The third major tenant of our revenue reengineering strategy was the acquisition of companies serving well defined growing and profitable markets. To that end we acquired four companies during calendar 2005 of which Acterna and to a lesser extent Lightwave had an immediately positive impact on our top line performance.

The number of moving pieces on our top line has made quarter-to-quarter and year-over-year comparison more challenging. Of course, we will continue to experience seasonally and quarterly revenue fluctuations. We will also continue to critically assess each product’s contribution and make adjustments to our portfolio accordingly. While our second quarter results start to illuminate the path for an emerging JDSU’s business model.

We have been equally focused on initiatives to drive bottom line performance. Although these initiatives tend to take a longer to positively impact our results and in many cases have a negative impact in the near term. Dave will give you an update on each of our actions. However, in summary, our previously announced initiatives are on track to deliver the targeted cost reductions. It’s important to remember that our revenue reengineering cost reduction programs are designed to enable JDSU’s to achieve profitability overtime, and to have some growth in the Optical Communications industry, this said, the environment that we experienced over the last quarter continue to be favorable.

Now back to second quarter results. Benefiting from a full and seasonally strong contribution from our Communications Test and Measurement business and continued growth in our Optical Communications segment, JDSU reported non-GAAP revenue of $315 million representing our strongest performance since September 2001. Book-to-bill was once again greater than one. Optical Communications segment revenue of $109.6 million was up 9% sequentially representing our strongest performance since the quarter ended March 2002. Excluding approximately $3.5 million of Instrumentation revenue included in this segment in our year ago results, this segment was up 5% year-over-year. Communication Test and Measurement non-GAAP revenue of $146 million included CommTest’s strongest quarter in more than three years. And, the consumer and commercial segment revenue of $59.4 million was down 6% from the previous quarter due to our ongoing phase out of unprofitable products.

Moving to profitability metrics, non-GAAP gross margin improved to 36.3%, our best results since March 2001 and up from 31.6% in last quarter. GAAP gross margin improved to 33.3%. As previously guided, we delivered non-GAAP earnings before interest tax depreciation and amortization or EBITDA of $7.9 million. This compares to a loss of $4.3 million last quarter into a loss of $25.7 million in the year-ago quarter, and represents the first time, in almost five years that JDSU has reported, non-GAAP EBITDA positive results. And non-GAAP net loss now to $3.7 million was just below break-even on a per share basis representing JDSU’s best EPS performance, since March 2001.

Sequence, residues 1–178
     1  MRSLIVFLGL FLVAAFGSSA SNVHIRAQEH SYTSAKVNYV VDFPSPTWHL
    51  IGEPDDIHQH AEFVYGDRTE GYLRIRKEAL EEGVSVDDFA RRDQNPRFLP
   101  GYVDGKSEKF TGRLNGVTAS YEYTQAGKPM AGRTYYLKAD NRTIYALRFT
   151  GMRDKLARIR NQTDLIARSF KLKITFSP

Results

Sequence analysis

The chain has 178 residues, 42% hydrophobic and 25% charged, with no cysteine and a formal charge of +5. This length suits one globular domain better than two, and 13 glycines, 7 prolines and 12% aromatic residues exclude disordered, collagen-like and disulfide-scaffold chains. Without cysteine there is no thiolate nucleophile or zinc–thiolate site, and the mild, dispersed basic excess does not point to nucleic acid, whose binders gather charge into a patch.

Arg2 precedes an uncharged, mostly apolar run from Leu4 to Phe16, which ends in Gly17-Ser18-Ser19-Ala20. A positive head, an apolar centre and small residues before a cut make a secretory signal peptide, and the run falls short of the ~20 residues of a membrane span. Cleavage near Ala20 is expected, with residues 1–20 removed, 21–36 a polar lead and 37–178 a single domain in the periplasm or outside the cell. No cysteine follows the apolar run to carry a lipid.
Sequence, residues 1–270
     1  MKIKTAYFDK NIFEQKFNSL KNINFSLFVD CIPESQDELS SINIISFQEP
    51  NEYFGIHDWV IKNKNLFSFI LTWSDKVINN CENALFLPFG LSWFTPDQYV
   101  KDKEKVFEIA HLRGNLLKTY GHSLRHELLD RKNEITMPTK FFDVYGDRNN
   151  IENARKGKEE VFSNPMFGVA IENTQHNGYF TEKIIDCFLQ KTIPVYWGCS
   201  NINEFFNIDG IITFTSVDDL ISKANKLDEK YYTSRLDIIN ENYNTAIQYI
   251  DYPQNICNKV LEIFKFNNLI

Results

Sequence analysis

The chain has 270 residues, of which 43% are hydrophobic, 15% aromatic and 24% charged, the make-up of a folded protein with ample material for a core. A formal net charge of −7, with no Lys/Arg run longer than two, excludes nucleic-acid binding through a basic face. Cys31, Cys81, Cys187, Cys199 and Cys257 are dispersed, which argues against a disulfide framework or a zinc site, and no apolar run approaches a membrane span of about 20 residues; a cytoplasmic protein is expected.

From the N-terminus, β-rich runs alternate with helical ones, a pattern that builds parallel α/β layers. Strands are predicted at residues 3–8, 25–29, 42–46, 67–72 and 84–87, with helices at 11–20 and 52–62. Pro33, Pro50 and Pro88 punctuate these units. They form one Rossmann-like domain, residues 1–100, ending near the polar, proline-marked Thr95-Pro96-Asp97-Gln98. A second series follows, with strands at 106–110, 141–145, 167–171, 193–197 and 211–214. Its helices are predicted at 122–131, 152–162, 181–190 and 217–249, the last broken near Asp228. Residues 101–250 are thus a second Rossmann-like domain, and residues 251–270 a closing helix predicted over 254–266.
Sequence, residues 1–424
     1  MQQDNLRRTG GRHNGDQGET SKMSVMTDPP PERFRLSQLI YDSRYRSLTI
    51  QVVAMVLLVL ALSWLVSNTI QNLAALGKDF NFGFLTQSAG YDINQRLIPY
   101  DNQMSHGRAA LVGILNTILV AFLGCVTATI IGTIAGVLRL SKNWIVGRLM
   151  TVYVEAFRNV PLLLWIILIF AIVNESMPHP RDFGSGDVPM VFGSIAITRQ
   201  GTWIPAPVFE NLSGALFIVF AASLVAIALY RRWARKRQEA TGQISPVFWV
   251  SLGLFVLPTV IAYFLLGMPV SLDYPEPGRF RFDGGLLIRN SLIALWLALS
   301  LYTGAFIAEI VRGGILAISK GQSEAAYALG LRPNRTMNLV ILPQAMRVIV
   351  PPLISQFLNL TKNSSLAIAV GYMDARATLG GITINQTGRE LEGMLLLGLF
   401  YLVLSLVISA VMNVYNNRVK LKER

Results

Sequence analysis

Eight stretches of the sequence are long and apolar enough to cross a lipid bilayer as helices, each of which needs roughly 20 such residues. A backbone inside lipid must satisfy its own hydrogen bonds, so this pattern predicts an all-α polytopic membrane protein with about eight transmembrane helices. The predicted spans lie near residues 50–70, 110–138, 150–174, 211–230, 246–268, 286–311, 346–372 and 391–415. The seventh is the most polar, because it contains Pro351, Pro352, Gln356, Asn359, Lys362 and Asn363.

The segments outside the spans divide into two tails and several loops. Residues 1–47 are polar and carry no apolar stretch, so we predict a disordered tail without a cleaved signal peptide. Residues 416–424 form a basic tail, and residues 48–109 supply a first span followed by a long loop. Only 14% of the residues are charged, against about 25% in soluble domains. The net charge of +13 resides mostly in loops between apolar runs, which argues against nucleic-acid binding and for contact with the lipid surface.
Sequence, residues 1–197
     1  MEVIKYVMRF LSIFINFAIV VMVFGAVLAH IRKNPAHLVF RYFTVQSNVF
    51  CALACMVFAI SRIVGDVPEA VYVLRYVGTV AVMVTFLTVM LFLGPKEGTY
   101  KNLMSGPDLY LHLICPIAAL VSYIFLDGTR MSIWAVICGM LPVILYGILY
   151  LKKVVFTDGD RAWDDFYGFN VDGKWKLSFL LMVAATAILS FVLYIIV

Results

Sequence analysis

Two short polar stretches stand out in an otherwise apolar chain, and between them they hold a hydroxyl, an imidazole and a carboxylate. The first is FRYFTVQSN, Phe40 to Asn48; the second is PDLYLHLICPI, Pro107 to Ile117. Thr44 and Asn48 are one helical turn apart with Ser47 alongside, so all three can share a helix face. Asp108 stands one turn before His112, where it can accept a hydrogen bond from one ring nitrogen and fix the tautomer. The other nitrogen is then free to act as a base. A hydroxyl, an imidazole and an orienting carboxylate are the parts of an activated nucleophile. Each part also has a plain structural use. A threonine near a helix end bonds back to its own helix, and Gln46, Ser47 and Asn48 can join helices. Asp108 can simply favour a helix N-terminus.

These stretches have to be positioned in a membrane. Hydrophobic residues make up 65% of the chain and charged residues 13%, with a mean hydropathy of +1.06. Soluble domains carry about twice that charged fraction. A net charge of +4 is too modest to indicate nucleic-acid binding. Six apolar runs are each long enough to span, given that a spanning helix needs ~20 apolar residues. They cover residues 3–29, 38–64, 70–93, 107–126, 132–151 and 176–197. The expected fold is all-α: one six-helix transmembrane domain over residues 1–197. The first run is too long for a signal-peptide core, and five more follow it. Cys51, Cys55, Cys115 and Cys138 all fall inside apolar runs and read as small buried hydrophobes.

And now, I would like to update you on each of the three business segments. For the revenue of $109.6 million, our Optical Communications segment benefited from a favorable environment, which drove demand for our more highly integrated and intelligent modules and subsystems. Customers now demand higher levels of integrations and as a result, our differentiated optical subsystems are performing well.

During the second quarter JDSU was awarded a three-year exclusive contract from multiple circuit packs for a major North American OEM. At the same time, we see increasing interest from customers outside of North America. JDSU’s end-to-end Agile product portfolio continue to gain momentum, with notable activities including the double digit million order for our Wavelength Select Switch, as well as follow-on multi million dollar deal for our PLC ROADM products. JDSU’s Agile, Optical Network portfolio offers unparalleled reconfigurability, scalability, and robustness as the optical layer, designed to lower operator’s capital and operating expenditures while enabling next generation services. Highlighting our technical expertise in Agile Optics, we believe that JDSU’s share of this growing market is currently in excess of 60%.

Looking forward, to dealt the impact of tunable lasers on the communications industry, with the discussion now firmly focused on ‘when’ rather than ‘if’ tunables will become a standard element of the agile optical network. We believe that our Agility acquisition, positions JDSU very well, to play a leading role in this growing market. Overall customer demand continues to be positive with solid activity in long haul, metro and enterprise. We believe that JDSU’s technical expertise and leadership will enable us to benefit from favorable conditions as carriers continue to expand their networks to accommodate growing demand for IP based services.

Our Communications, Test and Measurements business performed well in it’s first full quarter as part of JDSU. The December quarter is historically been seasonally strong and this proved to be the case in our second fiscal quarter with non-GAAP revenue of $146 million. The underlying drivers of the CommTest business remain strong. The adoption of JDSUs HST handheld triple-play service tester continues to accelerate as service providers deploy IP based services including Voice Over IP or DSL, IP video and others. During the quarter we closed a multimillion dollars Voice Over IP services assurance systems contract with the major US based operator.